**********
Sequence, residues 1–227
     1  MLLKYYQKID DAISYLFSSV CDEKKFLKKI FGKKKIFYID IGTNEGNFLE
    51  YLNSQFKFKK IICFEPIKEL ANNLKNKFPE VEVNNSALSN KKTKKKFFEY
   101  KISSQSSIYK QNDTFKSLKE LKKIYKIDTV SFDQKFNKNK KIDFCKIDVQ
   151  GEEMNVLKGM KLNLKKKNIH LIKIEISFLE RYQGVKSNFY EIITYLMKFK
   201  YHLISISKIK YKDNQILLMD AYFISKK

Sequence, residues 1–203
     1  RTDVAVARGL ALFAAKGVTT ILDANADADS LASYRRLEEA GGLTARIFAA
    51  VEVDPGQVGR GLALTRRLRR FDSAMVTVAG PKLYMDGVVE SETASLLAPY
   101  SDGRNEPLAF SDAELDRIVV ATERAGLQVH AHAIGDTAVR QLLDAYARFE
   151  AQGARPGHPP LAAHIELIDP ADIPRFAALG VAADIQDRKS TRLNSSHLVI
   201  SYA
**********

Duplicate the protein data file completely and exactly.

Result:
Sequence, residues 1–227
     1  MLLKYYQKID DAISYLFSSV CDEKKFLKKI FGKKKIFYID IGTNEGNFLE
    51  YLNSQFKFKK IICFEPIKEL ANNLKNKFPE VEVNNSALSN KKTKKKFFEY
   101  KISSQSSIYK QNDTFKSLKE LKKIYKIDTV SFDQKFNKNK KIDFCKIDVQ
   151  GEEMNVLKGM KLNLKKKNIH LIKIEISFLE RYQGVKSNFY EIITYLMKFK
   201  YHLISISKIK YKDNQILLMD AYFISKK

Sequence, residues 1–203
     1  RTDVAVARGL ALFAAKGVTT ILDANADADS LASYRRLEEA GGLTARIFAA
    51  VEVDPGQVGR GLALTRRLRR FDSAMVTVAG PKLYMDGVVE SETASLLAPY
   101  SDGRNEPLAF SDAELDRIVV ATERAGLQVH AHAIGDTAVR QLLDAYARFE
   151  AQGARPGHPP LAAHIELIDP ADIPRFAALG VAADIQDRKS TRLNSSHLVI
   201  SYA